LOS ANGELES (CBSLA.com) — More than half a dozen agencies — local and federal — are teaming up in an effort to thwart terrorists from bringing radioactive materials through the Port of Los Angeles and the Port of Long Beach.
CBS2’s Dave Lopez says Operation Maritime Chokehold is a $30 million program made possible through a grant from Homeland Security.
Lopez reported the multi-agency task force is comprised of the Los Angeles Police Department, Long Beach Police Department, LA County Sheriff’s, LA County Fire, US Coast Guard, FBI, “you name it, they’re there.”
“These assets and personnel will be conduction radiation screening on all boats and ships under 300 tons entering the Long Beach and Los Angeles Ports,” said Long Beach Police Dept. Chief Jim McDonnell.
Lopez said the task force put on display Friday all the top equipment they will employ to detect radioactive materials.
“Any indication of any radiation source, whether it is legal or not — because you never know until you get into it and determine whether or not it’s something illegal, illicit type of radiological or nuclear source,” said Mike Hillman, Assistant Chief of the LA Port Police.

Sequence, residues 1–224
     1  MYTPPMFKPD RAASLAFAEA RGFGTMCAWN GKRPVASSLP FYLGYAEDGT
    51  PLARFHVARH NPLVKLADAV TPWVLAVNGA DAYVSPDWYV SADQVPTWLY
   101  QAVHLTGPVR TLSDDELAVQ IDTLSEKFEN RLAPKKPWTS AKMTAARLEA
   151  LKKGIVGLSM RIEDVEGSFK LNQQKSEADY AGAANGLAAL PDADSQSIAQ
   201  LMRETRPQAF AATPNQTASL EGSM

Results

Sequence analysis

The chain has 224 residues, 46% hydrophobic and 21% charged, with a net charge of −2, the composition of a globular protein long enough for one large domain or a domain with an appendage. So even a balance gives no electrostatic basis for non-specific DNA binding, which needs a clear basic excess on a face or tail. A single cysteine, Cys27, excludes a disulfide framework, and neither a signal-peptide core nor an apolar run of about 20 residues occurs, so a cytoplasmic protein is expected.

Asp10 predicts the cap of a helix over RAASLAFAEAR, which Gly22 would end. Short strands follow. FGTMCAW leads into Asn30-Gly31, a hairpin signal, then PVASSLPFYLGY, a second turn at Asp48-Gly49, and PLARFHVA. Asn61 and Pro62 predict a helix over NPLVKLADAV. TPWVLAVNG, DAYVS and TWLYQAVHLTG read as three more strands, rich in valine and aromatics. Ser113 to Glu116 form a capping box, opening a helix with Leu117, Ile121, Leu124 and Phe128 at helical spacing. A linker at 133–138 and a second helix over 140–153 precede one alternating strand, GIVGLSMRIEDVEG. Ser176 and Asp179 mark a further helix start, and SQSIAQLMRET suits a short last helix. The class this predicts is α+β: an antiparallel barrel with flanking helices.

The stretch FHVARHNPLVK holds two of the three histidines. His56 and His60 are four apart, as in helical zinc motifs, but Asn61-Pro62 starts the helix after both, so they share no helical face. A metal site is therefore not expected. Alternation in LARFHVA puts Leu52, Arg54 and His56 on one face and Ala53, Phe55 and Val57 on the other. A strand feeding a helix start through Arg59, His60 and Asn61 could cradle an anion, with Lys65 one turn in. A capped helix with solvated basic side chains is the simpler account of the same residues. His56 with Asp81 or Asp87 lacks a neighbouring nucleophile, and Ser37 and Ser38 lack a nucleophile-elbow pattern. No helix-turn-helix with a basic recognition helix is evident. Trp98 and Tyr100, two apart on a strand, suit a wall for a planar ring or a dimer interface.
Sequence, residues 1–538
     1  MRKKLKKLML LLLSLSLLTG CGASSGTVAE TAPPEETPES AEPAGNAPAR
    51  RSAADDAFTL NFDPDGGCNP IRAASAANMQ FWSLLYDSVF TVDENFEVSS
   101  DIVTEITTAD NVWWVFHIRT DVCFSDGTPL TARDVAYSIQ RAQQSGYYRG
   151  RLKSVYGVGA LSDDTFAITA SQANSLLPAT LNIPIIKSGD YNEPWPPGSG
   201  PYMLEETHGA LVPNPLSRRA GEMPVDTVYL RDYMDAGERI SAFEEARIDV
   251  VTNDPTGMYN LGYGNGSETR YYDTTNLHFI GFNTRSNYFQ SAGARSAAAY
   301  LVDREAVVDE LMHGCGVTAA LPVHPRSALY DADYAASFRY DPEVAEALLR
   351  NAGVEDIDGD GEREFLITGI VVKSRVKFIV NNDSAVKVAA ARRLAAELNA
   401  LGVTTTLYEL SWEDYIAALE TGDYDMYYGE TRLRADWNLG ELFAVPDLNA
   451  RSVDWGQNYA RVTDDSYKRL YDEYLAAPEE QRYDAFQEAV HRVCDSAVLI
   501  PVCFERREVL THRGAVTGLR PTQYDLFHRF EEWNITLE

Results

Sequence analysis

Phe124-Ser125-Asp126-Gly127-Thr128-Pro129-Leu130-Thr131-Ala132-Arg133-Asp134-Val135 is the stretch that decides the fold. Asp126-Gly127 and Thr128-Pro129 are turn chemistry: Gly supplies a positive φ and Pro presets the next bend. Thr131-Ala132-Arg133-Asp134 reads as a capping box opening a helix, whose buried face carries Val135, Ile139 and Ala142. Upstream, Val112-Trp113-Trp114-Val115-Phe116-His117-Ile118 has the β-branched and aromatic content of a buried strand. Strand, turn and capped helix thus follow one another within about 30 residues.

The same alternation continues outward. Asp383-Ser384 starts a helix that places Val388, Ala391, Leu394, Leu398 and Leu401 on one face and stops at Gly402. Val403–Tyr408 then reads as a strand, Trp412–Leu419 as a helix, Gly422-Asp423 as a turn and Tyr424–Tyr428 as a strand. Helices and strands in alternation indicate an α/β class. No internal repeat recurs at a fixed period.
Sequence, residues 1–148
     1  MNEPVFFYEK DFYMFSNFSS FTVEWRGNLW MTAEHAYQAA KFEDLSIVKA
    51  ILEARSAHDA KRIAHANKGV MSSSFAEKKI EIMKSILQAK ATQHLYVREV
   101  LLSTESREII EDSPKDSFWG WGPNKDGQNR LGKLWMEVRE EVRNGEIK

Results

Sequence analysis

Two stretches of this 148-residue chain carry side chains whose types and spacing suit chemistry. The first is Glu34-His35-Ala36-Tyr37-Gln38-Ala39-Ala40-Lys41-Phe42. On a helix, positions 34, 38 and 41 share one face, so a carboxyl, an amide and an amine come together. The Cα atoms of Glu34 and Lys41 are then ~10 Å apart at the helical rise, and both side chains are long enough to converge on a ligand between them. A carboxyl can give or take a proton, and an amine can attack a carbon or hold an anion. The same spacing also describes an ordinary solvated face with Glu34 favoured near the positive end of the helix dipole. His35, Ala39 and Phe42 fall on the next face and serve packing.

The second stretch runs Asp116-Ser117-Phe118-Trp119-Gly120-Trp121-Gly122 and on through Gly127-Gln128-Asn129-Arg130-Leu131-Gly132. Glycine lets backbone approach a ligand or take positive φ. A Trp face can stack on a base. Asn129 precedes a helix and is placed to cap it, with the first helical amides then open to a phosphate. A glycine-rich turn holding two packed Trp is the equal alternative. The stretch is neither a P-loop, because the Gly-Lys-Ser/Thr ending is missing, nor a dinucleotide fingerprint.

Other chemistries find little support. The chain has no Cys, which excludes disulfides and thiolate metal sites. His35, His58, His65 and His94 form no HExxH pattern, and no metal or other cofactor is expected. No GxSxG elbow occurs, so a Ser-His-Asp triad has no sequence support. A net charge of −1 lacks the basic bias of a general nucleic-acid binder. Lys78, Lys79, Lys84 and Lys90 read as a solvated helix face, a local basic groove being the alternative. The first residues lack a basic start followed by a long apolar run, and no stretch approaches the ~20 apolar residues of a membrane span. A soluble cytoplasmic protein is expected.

Lopez asked Hillman if Operation Chokehold was still a precaution from the fallout from the attacks of 9/11.
“You could construe it that way,” Hillman said, “I think since 9/11, the world has changed and there are a variety of security measures we are putting into place.”
The Port of Los Angeles is a vast area to cover, reports Lopez — four ways in, four ways out.
But with the grant money and all agencies working in concert, they can cover all four areas at the same time, if necessary.
“If you have a high energy source that’s significant enough to make an impact on the Port complex itself, it will be detectable from a distance away, no matter the level of shielding, or trying to hide or conceal it from us. We’ll be able to detect it,” said Officer Mike Barz with the LAPD HazMat Team.